Well, sometime in the mid 1700s, Thomas Hutchins estimated that such an adventure cost £6163. (In today’s money, that equals about £902,515 or 1,806,835 USD. Seems reasonable, right?)
I came across this intriguing document while processing the Thomas Hutchins papers (one of our Adopt-A-Collections). Hutchins (1730-1789) was a military engineer for the British Army from the 1750s to the 1770s and worked on survey projects in the Midwest and Florida. He was eventually named the Geographer of the United States and tackled projects throughout the Mid-Atlantic States. Notably, he helped complete the Mason-Dixon Line survey in the 1780s. (He worked on the boundary between Pennsylvania and what was then Virginia.) The papers in the collection span the bulk of Hutchins’s career from the 1750s to the 1780s. It is small but remarkable collection containing maps and descriptions of the west at a time when almost all the land west of the Mississippi River remained unexplored by the Europeans. Relations with Native Americans and other colonizers, such as the Spanish, are mentioned frequently, and the descriptions give very useful accounts of wildlife, vegetation, and inhabitability of the land.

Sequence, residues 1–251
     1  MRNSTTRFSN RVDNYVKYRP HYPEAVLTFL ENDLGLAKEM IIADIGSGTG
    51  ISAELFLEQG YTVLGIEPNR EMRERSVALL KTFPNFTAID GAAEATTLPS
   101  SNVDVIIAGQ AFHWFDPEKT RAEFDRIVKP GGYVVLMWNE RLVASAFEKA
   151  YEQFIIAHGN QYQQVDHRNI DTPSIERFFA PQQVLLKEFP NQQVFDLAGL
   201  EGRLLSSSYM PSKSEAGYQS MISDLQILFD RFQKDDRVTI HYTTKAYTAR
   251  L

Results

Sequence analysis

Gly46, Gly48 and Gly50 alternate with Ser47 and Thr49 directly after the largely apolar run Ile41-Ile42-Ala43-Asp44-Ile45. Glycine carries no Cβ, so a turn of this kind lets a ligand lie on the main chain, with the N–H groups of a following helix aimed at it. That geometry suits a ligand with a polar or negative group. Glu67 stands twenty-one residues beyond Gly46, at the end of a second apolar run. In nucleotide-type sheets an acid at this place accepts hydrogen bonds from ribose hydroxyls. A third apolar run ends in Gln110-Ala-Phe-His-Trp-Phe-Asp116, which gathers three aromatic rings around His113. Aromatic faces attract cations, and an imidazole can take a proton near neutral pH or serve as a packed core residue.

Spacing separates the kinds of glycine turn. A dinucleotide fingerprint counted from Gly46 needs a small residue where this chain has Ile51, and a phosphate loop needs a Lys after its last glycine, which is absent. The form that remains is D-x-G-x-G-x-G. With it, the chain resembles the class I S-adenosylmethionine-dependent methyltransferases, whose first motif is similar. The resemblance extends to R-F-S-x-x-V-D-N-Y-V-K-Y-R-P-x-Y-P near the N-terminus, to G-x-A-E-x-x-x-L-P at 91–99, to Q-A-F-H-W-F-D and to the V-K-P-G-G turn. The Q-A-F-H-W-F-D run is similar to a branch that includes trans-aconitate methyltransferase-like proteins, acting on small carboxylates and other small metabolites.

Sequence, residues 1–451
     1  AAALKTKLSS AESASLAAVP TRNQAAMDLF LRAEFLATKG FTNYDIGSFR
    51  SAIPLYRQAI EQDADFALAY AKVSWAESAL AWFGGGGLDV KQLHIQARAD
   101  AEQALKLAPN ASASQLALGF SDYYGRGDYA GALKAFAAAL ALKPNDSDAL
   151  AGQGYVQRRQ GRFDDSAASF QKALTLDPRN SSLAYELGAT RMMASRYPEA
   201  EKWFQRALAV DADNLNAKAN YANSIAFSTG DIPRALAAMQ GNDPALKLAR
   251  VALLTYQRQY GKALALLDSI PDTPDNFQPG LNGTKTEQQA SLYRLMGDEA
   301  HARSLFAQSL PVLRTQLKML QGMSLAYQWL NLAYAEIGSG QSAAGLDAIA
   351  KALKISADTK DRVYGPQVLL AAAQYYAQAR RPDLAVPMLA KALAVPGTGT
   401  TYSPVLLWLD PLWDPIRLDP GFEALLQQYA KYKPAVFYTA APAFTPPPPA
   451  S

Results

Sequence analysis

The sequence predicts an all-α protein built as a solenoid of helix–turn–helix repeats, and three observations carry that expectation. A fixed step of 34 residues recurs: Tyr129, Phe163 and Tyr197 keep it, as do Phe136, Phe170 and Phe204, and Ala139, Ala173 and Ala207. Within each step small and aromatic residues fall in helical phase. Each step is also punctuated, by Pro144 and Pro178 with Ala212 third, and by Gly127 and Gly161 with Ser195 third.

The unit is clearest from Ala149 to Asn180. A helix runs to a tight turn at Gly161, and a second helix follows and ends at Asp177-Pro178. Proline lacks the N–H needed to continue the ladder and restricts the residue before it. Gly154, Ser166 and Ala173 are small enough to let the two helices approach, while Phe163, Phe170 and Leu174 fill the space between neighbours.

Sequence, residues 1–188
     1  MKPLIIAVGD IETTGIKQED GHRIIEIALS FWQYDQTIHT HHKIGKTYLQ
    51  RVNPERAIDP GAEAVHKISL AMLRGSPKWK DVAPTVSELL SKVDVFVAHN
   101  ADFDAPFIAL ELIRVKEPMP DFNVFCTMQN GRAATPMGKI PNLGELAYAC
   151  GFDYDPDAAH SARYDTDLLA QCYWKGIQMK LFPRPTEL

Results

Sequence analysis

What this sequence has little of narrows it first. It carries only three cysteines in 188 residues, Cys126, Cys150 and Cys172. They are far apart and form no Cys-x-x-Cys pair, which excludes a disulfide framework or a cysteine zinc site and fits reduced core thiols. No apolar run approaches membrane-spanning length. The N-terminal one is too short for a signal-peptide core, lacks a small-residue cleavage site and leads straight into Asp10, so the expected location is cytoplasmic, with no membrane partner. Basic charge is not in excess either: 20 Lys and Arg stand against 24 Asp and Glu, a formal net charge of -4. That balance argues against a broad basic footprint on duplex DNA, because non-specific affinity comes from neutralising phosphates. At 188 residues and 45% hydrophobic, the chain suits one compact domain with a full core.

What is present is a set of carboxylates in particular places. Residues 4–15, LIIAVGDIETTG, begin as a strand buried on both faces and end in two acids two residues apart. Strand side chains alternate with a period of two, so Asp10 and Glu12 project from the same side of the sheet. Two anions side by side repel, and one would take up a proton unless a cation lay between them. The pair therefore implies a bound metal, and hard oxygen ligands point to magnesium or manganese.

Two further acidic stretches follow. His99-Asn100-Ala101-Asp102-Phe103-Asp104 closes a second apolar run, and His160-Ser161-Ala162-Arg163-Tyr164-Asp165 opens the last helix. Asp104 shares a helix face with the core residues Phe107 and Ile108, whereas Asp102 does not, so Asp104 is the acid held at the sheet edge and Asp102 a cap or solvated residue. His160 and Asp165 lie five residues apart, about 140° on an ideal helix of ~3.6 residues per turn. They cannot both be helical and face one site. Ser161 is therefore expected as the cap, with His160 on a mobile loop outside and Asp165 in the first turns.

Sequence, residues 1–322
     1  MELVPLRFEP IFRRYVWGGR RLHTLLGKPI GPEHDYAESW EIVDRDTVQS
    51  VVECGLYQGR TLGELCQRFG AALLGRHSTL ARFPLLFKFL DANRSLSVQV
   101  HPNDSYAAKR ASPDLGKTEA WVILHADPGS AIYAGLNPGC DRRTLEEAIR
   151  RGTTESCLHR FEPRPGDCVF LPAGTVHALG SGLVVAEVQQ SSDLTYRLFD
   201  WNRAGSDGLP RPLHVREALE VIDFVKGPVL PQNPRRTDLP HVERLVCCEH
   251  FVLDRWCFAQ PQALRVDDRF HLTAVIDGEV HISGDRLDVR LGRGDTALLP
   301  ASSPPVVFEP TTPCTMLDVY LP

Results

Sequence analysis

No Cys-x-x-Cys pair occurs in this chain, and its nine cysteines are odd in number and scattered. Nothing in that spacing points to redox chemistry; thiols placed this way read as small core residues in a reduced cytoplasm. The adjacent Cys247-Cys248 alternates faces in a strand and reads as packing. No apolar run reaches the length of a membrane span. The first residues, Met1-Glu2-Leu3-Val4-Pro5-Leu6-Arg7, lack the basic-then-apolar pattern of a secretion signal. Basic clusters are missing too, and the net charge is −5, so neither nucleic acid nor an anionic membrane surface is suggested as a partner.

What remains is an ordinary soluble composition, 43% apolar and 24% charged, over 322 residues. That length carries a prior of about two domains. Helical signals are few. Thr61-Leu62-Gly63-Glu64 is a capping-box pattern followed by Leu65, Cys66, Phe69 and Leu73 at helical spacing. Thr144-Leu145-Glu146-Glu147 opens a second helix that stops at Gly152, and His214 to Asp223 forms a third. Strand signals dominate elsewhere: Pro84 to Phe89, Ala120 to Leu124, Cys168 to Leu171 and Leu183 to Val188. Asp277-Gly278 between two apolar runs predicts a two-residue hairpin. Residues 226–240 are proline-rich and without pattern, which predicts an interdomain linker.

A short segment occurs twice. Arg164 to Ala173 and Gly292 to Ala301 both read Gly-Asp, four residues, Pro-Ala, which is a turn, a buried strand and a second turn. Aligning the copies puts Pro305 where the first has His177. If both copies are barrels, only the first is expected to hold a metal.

Some of Hutchins’s works in the collection include his “Description of the sea coast, harbors, lakes, rivers, etc. of the Province of Florida;” “Some remarks on Georgia;” and “Short description of the United States and Canada, with maps.” He also drew numerous maps and plans, such as the ones below.
Additionally, the collection contains some of Hutchins’s own correspondence that offers glimpses into his survey work, and later his work as Geographer of the United States. As well, there’s an interesting assortment of miscellaneous papers, such as the observations of “Jupiter’s satellite” by Hutchins and others.